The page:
Starting up a canna-business can be very difficult for the average entrepreneur, especially as the regulatory environment continues to change. There’s always the option of doing ancillary work in the cannabis space, a business that doesn’t touch the federally illegal plant. That’s what Joel and Lisa Schneider have done with their successful BUD + BREAKFAST business.
It’s a model any bed and breakfast in a state with legal recreational cannabis laws can implement as a licensee, said owners Joel and Lisa.
Their flagship operation and ‘crown jewel’ inn is one of The Mile High City’s most popular bed and breakfasts: The Adagio, in Denver.
The husband and wife duo started their business in 2014 and have since transformed three Colorado bed and breakfasts from dusty inns to huge hits turning major profits.
“I never wanted to be a pioneer but I did come out here, risk my life, future, practicing of law to come out here and be in the cannabis space,” Joel told The Marijuana Times.
Joel’s tried his hand in other ancillary businesses like glass vessels, but those ventures didn’t pan out.
Searching for his niche, the idea for BUD + BREAKFAST came out of necessity for Joel as he was staying at a hotel and found himself having to blow smoke in the toilet in order not to get caught – or charged a cleanup fee.
“I don’t think this is the proper use of cannabis so I looked at the law and the best avenue for me to take was creating this bed and breakfast model because it a private location.”
It’s legal to smoke in a private location, as this isn’t a ‘social club’. It’s for guests only, and the 8-foot tall fences keep it private.
The BYOC (Bring Your Own Cannabis) bed and breakfast model can be used by any struggling inn or bed and breakfast looking to go green. It’s recommended that businesses have no more than twenty rooms, and must have some common area that will be designated for consuming cannabis.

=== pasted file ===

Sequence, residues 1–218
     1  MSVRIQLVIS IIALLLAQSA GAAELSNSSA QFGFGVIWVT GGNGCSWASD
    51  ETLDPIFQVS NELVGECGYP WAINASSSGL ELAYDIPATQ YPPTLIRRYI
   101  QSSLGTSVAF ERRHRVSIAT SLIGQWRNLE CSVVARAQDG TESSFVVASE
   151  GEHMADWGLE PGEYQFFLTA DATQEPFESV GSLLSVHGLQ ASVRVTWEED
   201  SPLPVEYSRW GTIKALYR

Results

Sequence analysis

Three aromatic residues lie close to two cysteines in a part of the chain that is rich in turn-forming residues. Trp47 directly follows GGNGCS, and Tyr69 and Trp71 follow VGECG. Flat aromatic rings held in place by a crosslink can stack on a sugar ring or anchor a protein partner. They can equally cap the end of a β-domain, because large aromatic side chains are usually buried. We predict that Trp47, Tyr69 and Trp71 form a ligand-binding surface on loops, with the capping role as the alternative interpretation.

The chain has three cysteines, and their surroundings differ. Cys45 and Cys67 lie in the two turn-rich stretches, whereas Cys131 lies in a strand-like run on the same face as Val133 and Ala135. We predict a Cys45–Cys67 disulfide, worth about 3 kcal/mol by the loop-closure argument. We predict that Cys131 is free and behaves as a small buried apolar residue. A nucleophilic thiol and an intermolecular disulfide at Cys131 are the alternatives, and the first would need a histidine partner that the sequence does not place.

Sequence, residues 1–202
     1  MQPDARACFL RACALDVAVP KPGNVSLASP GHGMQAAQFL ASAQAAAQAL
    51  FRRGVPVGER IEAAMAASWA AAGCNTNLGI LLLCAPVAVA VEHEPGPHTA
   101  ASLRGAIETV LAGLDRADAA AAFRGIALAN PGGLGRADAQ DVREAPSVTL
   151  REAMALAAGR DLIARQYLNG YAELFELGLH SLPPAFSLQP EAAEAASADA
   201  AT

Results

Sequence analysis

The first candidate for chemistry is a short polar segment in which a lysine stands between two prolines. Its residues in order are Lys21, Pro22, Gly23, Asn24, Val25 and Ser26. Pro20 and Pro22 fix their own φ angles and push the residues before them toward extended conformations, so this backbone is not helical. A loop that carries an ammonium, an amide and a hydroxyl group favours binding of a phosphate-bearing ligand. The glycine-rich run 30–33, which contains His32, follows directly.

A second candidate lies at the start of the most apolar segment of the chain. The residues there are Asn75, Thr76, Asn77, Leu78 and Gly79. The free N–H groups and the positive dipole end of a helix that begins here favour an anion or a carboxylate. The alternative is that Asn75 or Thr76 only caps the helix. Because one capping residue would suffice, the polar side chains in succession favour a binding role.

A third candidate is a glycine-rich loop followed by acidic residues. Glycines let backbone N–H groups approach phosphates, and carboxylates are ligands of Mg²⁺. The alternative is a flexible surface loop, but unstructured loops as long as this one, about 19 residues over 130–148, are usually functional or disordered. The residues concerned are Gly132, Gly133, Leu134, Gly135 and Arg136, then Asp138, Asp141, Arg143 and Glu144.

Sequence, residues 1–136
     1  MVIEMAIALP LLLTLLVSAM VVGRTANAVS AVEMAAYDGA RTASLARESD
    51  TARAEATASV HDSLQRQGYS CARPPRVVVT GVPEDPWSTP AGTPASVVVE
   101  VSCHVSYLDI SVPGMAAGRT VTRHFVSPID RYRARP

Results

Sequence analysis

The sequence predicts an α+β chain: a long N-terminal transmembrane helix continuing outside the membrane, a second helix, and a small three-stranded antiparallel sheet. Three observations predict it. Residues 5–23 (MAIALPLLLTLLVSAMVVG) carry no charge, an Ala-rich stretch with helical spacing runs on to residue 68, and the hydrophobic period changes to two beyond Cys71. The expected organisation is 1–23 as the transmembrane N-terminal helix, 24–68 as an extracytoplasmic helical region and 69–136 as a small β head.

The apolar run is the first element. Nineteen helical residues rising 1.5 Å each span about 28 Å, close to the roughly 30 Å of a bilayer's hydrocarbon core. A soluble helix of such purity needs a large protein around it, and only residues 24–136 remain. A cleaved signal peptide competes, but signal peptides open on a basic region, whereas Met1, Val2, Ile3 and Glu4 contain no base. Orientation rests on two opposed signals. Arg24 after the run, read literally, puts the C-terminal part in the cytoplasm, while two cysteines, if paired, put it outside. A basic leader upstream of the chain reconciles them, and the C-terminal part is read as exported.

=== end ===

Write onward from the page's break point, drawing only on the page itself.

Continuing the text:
It’s a cannabis lovers dream; wanderlust with an herbal twist.
But keeping the smoking to the common areas is key to making the model work, Joel explained.
It’s mainly to keep a friendly atmosphere and to normalize the plant. The model promotes socializing the act of smoking, something that’s been shunned and labeled taboo for so many decades.
“Based on our customers, we are doing the right things. They can’t believe they have the freedom to smoke in a living room and dining room,” he said. “No one does what we do.”
They’ve seen their fair share of stardom and success. The freedom to consume has attracted professional athletes, musicians like the Disco Biscuits, and private dispensary parties.
For it to work, the model must stay high end, “We don’t want to be a motel on the side of the road,” Joel said.
They specialize in making guests feel safe, combating any feelings of paranoia – a side effect many cannabis users experience.
The freedom for guests to be who they are and smoke what they want is infectious. “Our guests become instructors to other guests on how to use the dab rig, vaporizers, and Big Bertha,” one of the many gifts pleased guests have left behind for others to enjoy.
The rooms have exceeded the original owners’ expectations with triple the nightly rates. It virtually happens overnight, as soon as they are given the green light to implement and teach the existing staff their 420-friendly ways.
The Schneider’s are hoping to bring their tested model to other cannabis-legal states like Massachusetts, California, and Nevada through licensing the model to other business owners.
“We want to bring the model to the east coast, provide bed and breakfast owners with a new and unique business model with a method of operation already in place.” The businesses are encouraged to keep their original name.
Joel offers his legal expertise to help his licensees navigate the regulatory hurdles, and he works closely with them to teach them how to put on their daily signature Wake and Bake, and 420 Happy Hour.
“All these elements bring people together, it entices conversation,” added Joel. “There’s no place on earth besides a college town where people come together with a common interest of cannabis and we are providing a place where any adult can smoke on vacation without it being uncomfortable.”
The cannabis model could also save these struggling small business owners from the dreaded off-season.
Joel mused, “Every season is pot season.”
The model goes in-line with the foundation of what bed and breakfasts were built upon; that communal, friendly, feeling. “I’m a passionate cannabis user…I’ve always had a joint in my pocket,” Joel said candidly, “I’m a firm believer in comfort and doing it in a way that’s socially acceptable and social to people of like minds.”